Electronic government initiatives are excellent, in general. They increase efficiency, make information more accessible to the public, prevent people from standing in long lines and wasting their entire day with the most mundane of things, and generally lead to a happier populace. But when they aren’t thought through properly, they can also result in some really disastrous outcomes.
This case in point was brought to our attention by a watchful reader, Shehzad A. Shehzad came across the online NTN verification service deployed by the CBR (Central Board of Revenue) and immediately pointed it out as a not-so-well thought out initiative. And we agree!
What the service does is that it allows you to enter any Pakistani national’s name or National identity card number (NIC) and get back the individual’s Tax ID, full address and some other information. This in of itself wouldn’t have been all that bad… after all, the NIC is not quite like the US SSN because you can’t exactly use it to apply for a credit card online and then rip someone off. And even in places like the US where privacy watchdogs have been on the prowl for a long time, Tax records are public information and can be searched online. In fact, as long as you know the country of residence of any individual, you can easily get their full address information on a variety of county websites.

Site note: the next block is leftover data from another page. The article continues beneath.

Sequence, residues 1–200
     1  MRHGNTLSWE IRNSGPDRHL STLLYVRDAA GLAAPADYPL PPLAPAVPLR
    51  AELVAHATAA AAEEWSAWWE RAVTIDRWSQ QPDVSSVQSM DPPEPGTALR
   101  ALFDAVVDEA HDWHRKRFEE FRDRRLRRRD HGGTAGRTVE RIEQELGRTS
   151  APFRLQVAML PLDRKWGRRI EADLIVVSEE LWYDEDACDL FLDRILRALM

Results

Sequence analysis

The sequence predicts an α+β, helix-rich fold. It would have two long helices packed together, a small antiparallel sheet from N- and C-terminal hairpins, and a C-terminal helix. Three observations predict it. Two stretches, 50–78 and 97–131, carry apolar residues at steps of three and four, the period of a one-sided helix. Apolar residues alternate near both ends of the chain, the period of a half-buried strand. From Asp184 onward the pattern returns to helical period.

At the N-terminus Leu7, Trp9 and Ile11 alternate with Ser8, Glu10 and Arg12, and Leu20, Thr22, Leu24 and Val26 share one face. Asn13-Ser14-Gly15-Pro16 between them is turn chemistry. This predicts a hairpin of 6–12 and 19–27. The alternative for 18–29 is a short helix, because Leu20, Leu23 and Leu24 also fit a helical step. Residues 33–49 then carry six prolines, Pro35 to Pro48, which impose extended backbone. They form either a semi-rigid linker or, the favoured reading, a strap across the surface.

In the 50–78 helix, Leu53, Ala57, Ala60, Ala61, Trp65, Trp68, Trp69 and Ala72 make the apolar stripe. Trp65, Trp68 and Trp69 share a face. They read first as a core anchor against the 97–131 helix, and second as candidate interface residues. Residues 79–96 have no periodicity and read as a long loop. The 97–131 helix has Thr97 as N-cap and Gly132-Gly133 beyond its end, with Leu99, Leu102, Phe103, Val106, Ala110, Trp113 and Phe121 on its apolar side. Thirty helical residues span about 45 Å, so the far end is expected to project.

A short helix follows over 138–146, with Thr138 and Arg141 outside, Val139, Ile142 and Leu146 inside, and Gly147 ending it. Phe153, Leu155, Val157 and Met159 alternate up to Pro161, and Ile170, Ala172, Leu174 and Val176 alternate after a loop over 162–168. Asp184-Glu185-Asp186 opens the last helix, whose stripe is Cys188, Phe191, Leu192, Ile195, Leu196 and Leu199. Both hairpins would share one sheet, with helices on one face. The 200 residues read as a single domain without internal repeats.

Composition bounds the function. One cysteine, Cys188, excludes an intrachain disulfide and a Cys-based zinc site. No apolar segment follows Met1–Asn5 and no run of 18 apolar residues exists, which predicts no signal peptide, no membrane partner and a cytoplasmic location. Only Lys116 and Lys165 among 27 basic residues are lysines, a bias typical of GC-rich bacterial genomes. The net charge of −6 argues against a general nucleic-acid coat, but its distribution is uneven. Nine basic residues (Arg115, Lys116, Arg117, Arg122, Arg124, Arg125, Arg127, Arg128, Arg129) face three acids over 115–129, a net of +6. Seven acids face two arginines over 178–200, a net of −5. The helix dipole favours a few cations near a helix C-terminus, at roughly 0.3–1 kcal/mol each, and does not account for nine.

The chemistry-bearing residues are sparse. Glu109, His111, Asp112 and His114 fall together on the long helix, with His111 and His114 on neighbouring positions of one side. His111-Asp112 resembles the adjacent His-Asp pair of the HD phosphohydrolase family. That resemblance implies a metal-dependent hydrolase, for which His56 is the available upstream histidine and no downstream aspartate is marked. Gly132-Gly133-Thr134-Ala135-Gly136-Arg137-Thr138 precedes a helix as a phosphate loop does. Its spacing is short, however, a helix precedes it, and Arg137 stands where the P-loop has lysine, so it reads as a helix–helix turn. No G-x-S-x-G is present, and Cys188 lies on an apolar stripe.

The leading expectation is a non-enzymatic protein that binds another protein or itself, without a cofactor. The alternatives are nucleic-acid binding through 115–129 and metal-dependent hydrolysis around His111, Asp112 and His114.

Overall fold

So, it’s not just the information that’s the issue… it’s the fact that too much of it is being revealed, and it is not being protected from automated attacks/database replication attempts. For example, why give out the NIC information when the service is expressly an tax number verification service? Is full address information necessary to verify someone’s NTN? What about just giving the city, or how about even the street without the house number?
Since there is no use of Captcha or other robot avoidance mechanisms, a simple scripted robot could easily pull information from this database by using random NIC numbers or names. What’s more, since the service doesn’t prevent a single IP from accessing it over and over, you could have a robot do this for weeks or months and pull down hundreds of thousands or millions of records. Whoever does this would essentially be replicating NADRA’s database, minus the biometrics. Not good.
I think the Central Board of Revenue really needs to look at this immediately and add security features like Captcha, prevention of unlimited queries from a single address and paring down the information returned. The government is entrusted with citizen’s private information under a contract of trust. It should go to lengths to uphold its responsibilities.